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‘Next year in Jerusalem’ has grounded Diaspora Jews for centuries. Does the unrest in Israel change that?

Given the recent protests in Israel, the metaphorical Jerusalem is a more realistic aspiration this Passover

I have celebrated Passover for as long as I can remember. And for all of that time, I can recall concluding each night’s Passover Seder with the words “Next year in Jerusalem!” It’s the last line in every Haggadah.

That’s true even though many editions have evolved over the years, especially since the advent of the Civil Rights Movement, women’s liberation, LGBTQ+ rights, and other social changes once unimaginable.

Some revisions might reflect political correctness, such as with the four children who help tell the story of the Israelites’ liberation from slavery in Egypt. Cast for millennia as the wise son, the wicked son, the simple son and one who does not even know how to ask a question, they’re now reinterpreted in some commentaries that pull back from calling a child wicked, and today the sons can be any gender.

As a young child, I took it literally, asking if next year we would have our Seder in Jerusalem. … For me it was analogous to my cheering for the hapless Chicago Cubs, each September ending with a “wait till next year.” 

But what has remained constant are the closing words, “Next year in Jerusalem,” or “L’shana ha’bah b’Yerushalayim.” It references the escaped slaves not quite arriving to the Promised Land. The story of Exodus, you’ll recall, has them wandering in the desert for 40 years, and Moses never gets there. 

As a young child, I took it literally, asking if next year we would have our Seder in Jerusalem. My family was well-traveled, with my father taking us on some whirlwind vacations, once going from the Arctic Circle to the northern tip of Africa in three weeks. But I didn’t make it to Israel until I was in my 20s. By then I knew the “Jerusalem” we pined for was metaphorical — something hoped for someday in the centuries of Diaspora. As a boy, for me it was analogous to my cheering for the hapless Chicago Cubs, each September ending with a “wait till next year.” Red Sox fans of the era knew the same mantra.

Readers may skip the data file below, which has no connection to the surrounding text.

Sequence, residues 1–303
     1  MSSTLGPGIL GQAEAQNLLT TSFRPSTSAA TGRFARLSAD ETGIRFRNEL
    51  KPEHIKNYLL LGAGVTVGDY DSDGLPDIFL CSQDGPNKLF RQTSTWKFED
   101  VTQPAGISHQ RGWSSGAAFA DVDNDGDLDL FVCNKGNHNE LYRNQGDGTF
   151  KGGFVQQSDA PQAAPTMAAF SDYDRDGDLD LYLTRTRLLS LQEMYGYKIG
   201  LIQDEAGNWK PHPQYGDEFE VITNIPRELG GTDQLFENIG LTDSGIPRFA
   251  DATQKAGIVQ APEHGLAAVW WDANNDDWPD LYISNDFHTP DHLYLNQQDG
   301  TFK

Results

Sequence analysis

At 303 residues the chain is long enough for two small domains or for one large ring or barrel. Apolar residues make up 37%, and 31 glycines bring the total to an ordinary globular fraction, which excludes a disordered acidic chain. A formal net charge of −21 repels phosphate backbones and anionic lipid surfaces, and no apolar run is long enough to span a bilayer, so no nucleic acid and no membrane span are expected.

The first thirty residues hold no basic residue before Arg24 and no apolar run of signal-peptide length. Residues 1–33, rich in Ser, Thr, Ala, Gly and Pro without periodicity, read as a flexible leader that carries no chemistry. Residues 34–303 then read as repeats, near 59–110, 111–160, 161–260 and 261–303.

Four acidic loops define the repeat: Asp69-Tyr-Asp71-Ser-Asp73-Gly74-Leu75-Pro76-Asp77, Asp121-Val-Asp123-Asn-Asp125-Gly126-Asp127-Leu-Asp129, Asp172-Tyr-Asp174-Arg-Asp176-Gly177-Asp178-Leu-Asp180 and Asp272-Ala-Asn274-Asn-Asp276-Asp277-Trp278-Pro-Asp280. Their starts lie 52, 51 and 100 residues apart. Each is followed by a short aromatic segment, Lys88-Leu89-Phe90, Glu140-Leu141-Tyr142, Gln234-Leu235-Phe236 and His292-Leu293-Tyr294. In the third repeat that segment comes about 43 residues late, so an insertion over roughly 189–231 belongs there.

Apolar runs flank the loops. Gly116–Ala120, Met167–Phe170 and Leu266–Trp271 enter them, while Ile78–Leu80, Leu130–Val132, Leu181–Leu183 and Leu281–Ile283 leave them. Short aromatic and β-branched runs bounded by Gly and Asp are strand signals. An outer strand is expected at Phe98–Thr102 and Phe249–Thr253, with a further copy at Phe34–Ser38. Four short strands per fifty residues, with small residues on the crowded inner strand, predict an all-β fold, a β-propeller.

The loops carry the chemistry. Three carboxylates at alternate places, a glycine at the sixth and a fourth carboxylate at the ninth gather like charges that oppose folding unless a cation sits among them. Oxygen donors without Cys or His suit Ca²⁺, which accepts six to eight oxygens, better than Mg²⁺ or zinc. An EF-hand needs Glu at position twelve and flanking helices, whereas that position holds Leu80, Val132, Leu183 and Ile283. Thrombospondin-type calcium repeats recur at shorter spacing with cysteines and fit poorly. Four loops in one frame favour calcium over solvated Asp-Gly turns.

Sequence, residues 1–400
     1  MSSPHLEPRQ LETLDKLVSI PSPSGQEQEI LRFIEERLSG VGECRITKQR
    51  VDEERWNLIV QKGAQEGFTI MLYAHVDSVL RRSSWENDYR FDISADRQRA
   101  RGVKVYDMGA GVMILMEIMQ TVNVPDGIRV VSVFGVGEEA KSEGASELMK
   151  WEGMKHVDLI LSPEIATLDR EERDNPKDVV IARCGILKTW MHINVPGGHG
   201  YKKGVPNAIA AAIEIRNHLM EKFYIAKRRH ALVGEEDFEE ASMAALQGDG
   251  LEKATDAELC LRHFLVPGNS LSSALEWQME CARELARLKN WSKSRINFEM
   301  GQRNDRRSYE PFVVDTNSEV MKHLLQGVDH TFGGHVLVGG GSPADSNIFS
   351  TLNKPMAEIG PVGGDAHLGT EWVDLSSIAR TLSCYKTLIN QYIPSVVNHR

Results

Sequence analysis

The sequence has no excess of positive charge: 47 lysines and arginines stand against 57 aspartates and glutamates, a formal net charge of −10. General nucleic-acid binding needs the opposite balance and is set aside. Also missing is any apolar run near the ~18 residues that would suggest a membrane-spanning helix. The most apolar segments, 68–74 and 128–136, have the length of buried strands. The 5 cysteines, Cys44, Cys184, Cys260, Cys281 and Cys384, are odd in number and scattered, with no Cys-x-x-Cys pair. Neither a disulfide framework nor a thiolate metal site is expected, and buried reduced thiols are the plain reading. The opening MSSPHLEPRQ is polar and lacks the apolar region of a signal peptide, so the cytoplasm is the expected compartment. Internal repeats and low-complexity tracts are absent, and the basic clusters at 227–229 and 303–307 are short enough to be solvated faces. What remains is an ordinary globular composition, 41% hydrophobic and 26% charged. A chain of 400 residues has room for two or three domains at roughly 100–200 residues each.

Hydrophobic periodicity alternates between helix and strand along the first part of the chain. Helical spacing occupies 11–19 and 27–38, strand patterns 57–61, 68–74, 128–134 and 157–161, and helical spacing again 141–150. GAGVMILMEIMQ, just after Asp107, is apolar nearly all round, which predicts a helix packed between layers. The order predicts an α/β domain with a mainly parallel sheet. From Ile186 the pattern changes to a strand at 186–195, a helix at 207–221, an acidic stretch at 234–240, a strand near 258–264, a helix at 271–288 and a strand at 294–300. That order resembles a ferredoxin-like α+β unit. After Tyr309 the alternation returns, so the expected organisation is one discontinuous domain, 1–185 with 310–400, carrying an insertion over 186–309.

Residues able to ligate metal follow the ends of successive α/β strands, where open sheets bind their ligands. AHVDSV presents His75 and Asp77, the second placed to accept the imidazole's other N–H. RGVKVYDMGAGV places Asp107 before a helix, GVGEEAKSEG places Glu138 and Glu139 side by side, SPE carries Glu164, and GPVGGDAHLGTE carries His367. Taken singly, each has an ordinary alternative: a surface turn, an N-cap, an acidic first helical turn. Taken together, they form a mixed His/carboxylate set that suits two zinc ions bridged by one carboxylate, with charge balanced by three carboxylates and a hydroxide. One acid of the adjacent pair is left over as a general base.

If we haven’t reached the land of milk and honey this year, the chances of finding it in Jerusalem’s foreseeable future aren’t great either. It certainly wasn’t in the past few weeks, with the streets filled with throngs of protesters — numbering hundreds of thousands in Tel Aviv — against Prime Minister Benjamin Netanyahu’s proposed hijacking of the country’s judiciary. And even without the internal political strife, Jerusalem cannot be the true promised land until Israelis and Palestinians can live there in peace. 

All this reinforces the hope of the metaphorical Jerusalem, and pining for it may not be in vain. Miracles do happen: The Cubs and the Red Sox have both since won the World Series. Could world peace be far behind?

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